Occupy Little Rock’s concerns legitimate, but methods need to evolve

Several hundred Occupy Little Rock protestors marched through the streets of the state’s capital city Oct 15, and while lots of people, particularly Republicans, are dismissing them, they shouldn’t dismiss their concerns.

The protestors were a more diverse group than many would expect. I didn’t see a lot of the aimless young hippies they have been painted as being. They certainly weren’t a “mob,” as House Majority Leader Eric Cantor called them, “anti-American,” as Herman Cain called them, or “the FLEA party,” in the words of a Democrat-Gazette columnist who wasn’t at the protest.

The protestors represented a variety of political persuasions, judging by the signs – everything from the Ron Paul-ian “End the Fed” to the Marxian “From each according to his ability, to each according to his needs.”

The protestors directed their anger mostly at big corporations and the government, and I agreed with a lot of what they were saying. Any American who is not outraged at the bank bailout hasn’t been paying attention. As the columnist Nick Kristoff put it, “The banks have gotten away with privatizing profits and socializing risks.”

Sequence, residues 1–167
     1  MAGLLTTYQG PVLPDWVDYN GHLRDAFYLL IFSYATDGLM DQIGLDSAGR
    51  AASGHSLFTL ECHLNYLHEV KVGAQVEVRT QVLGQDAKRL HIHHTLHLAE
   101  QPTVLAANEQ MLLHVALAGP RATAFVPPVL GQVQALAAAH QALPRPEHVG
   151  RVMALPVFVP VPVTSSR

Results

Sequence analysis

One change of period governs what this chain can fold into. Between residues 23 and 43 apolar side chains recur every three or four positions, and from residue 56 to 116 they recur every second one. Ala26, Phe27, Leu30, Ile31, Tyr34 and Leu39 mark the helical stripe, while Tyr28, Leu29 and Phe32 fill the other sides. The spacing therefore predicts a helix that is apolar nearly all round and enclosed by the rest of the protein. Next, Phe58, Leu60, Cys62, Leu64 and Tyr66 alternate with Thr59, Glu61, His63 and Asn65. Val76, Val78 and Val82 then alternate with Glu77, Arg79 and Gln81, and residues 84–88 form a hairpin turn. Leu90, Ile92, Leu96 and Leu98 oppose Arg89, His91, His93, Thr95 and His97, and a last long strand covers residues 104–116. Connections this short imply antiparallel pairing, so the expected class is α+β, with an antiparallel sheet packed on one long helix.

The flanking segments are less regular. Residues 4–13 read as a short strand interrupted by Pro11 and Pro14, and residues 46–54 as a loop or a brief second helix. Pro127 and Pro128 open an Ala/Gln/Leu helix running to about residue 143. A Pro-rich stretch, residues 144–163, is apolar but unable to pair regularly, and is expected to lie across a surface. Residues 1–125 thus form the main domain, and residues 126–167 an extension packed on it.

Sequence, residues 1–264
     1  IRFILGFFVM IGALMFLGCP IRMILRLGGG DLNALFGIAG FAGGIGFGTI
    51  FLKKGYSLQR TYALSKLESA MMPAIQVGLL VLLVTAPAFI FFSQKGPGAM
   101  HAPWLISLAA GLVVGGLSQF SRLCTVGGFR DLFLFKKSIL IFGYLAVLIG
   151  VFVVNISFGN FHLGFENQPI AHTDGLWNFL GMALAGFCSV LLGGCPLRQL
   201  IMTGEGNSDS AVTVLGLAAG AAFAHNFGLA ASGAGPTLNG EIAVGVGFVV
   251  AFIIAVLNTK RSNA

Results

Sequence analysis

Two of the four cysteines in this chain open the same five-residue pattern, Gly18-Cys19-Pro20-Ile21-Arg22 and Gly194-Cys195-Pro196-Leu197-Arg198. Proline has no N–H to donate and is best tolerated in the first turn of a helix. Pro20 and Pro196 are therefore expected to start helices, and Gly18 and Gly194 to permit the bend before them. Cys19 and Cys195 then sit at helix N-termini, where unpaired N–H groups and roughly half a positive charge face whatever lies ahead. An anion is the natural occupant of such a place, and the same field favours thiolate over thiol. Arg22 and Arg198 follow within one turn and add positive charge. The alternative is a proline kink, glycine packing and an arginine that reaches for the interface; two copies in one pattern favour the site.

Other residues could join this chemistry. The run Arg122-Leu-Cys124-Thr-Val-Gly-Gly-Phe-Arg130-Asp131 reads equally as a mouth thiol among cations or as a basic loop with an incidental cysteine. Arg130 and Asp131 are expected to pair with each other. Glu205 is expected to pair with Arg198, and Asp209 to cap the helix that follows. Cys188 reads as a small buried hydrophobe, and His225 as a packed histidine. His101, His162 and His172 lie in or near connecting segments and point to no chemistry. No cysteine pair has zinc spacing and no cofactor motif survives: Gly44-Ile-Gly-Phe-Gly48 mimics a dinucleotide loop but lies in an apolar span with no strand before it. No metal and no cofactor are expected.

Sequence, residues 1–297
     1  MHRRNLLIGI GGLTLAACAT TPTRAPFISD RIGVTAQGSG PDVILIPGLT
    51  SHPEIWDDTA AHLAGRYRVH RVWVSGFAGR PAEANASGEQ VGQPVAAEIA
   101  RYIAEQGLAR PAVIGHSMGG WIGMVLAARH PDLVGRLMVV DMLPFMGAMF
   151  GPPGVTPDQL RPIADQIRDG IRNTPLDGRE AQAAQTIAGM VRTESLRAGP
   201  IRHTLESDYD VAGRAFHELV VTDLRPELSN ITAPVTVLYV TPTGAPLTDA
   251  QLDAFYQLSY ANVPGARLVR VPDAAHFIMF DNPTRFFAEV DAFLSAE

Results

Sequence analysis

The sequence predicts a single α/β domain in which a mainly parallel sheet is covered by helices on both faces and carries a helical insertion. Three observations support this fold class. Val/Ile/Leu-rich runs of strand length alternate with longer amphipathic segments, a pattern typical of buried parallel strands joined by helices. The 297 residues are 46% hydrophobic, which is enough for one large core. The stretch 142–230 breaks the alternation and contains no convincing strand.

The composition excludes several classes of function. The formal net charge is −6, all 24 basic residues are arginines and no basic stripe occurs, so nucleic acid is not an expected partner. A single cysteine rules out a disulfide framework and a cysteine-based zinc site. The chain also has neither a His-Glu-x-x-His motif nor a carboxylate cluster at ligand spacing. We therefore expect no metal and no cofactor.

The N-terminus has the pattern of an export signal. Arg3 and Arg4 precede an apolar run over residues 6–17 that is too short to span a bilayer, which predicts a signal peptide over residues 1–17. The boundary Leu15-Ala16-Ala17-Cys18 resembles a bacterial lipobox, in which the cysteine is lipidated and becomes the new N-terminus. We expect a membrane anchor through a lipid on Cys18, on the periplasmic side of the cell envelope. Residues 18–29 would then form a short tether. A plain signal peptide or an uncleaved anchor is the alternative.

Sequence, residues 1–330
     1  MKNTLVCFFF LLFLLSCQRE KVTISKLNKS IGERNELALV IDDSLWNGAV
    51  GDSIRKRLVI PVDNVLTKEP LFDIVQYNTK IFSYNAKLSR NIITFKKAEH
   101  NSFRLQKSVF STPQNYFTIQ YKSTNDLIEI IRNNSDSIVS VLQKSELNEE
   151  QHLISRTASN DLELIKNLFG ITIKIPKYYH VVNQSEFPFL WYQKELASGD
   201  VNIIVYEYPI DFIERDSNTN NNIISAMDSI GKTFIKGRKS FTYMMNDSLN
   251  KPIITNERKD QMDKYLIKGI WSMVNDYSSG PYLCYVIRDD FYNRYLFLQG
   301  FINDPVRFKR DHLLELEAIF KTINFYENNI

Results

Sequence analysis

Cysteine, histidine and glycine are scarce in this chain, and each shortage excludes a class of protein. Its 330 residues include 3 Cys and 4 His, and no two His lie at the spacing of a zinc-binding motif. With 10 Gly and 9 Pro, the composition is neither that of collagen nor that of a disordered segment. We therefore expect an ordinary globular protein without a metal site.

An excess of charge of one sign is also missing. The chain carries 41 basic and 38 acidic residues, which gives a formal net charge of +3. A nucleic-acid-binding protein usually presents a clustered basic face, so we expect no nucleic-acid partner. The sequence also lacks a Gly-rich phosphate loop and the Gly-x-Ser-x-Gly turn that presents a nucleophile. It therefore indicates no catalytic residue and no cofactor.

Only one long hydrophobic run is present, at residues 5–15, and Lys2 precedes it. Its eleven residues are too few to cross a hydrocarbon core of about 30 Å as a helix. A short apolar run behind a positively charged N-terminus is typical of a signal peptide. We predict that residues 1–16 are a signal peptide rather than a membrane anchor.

But we don’t want America to kill the goose that lays the golden eggs. Most corporations aren’t causing the world’s problems; they just provide needed goods and services and employ people.

Finally, if the Occupy Little Rock protestors really want to accomplish their goals – and right now, it’s not clear what their goals are beyond expressing their anger – they need to organize and work within the system as the TEA Party has done.

As they marched along the street, the protestors chanted, “This is what democracy looks like!” I thought, “Well, really, this is part of democracy, but democracy really looks like people voting, running for office, and contacting their legislators.” If Occupy Little Rock doesn’t evolve into that, it won’t accomplish much.

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